Women Charged With Raping Men to Get Sperm for Rituals

Three women in Zimbabwe accused of raping at least four men to get their sperm for traditional rituals.

The women, who have been charged with 17 counts of aggravated indecent assault, go on trial today in a case that has shocked the country.

Police officials in Zimbabwe believe the alleged perpetrators are part of a nationwide syndicate that may be using the sperm for a traditional ritual claiming to make people lucky and wealthy.

They were apprehended in a town about 170 miles outside of the capital city of Harare after police found 31 used condoms in their car. At least nine men have come forward with similar stories of being attacked.

One of the alleged victims told his story on a popular national talk show called Maichiamba. He said he was raped after accepting a car ride from the women.

"One of the women threw water in my face and they injected me with something that gave me a strong sexual desire. They stopped the car and made me have sex with each of them several times, using condoms," he said. "When they had finished they left me in the bush totally naked."

The man said he went to the hospital to be treated for the drug's effects and called the police. After facing ridicule and scorn over the attack, he said he came forward publicly because he wanted to help other victims.

Female Rapists Go On Trial Today

"I've noticed that the men who have come forward are really traumatized after seeking medical assistance of these rapes and need counselling," Kelvin Hazangwi, National Director of the Padare MenĂ¢'s Forum on Gender, tells ABC News. "Some of them, their partners left them and they could not go back to their families. Their social networks have broken down."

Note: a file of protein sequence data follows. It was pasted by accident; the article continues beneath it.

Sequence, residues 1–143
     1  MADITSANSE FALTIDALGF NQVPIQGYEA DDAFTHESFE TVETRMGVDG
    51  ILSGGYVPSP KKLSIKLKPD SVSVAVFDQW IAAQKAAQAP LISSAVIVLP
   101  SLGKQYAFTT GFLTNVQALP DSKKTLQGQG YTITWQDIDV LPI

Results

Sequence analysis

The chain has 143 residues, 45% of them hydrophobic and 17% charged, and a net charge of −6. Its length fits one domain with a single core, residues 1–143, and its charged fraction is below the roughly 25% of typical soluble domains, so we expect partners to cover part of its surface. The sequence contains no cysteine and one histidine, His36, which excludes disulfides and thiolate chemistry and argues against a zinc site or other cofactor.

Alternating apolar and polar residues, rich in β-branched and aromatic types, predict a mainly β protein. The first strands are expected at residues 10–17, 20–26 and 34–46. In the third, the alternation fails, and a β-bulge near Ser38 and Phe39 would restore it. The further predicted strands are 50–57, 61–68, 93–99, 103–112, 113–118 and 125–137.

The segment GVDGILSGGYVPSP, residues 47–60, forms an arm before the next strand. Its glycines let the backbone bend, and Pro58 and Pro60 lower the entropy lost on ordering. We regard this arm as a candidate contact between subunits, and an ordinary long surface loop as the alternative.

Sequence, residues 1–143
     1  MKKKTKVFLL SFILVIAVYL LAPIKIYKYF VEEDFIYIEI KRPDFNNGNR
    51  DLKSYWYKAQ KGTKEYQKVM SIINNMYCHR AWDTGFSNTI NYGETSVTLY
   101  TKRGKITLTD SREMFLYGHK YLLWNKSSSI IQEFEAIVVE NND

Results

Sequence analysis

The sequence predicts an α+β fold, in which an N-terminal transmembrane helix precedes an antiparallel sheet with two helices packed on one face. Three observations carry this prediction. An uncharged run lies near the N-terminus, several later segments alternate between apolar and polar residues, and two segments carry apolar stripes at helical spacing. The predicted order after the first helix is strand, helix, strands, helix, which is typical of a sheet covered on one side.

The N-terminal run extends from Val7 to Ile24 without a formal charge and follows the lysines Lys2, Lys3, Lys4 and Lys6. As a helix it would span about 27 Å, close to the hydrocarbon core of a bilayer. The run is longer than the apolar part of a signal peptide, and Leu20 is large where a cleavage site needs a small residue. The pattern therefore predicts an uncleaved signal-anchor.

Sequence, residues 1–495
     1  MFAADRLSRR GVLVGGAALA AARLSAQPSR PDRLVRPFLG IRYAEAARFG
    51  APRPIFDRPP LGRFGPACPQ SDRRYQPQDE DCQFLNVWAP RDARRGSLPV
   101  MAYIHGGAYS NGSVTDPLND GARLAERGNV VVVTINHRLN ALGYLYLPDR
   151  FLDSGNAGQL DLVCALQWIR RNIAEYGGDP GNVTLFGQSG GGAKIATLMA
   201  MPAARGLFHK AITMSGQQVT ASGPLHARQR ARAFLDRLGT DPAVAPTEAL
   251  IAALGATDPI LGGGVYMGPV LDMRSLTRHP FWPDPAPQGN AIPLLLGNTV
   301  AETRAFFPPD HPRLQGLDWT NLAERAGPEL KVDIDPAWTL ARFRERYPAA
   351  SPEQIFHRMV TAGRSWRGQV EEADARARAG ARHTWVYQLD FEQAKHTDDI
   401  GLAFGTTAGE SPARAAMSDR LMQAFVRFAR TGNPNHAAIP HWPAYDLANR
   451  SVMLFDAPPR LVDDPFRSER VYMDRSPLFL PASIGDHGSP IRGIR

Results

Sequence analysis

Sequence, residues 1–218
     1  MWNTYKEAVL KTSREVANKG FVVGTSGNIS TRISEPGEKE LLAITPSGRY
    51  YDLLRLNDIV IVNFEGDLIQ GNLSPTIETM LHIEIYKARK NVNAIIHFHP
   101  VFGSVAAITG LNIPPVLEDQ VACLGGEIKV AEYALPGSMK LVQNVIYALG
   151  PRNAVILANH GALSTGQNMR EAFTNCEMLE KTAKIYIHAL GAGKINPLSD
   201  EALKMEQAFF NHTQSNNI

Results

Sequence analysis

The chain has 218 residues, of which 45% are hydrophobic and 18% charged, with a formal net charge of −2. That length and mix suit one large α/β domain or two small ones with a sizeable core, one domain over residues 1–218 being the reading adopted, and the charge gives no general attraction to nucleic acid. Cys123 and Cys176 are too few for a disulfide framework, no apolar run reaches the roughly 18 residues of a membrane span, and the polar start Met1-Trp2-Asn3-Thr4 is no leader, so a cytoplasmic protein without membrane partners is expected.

Hazangwi says that male rape is still a taboo subject in a society that has very clear definitions of masculinity. For example the women have been charged with aggravated indecent assault rather than rape because a man being sexually assaulted by a woman is not recognized under Zimbabwean rape laws.

"This case is shocking not only for the men but also for the society as a whole," says Hazangwi. "Many people drove to the police station just to get a glimpse or a view of the women that would rape men."

The women have denied the charges, claiming they are prostitutes and did not have time to dispose of the condoms. Cousins Rosemary Chakwizira, 24, and Sophie Nhokwara, 26 told local media that since being out on $300 bail, they've been in hiding after having their lives threatened.

"Are we not suspects until proven guilty? It's as if people have already made their judgments and found us guilty," Nhokwara said in an interview with New Zimbabwe.com.

Regardless of the outcome, the case has started a dialogue in the country about attitudes and treatment of sexual violence against men

"We are realizing that rape whether it happens to grandmother, a child, or a man is wrong," Hazangwi says.

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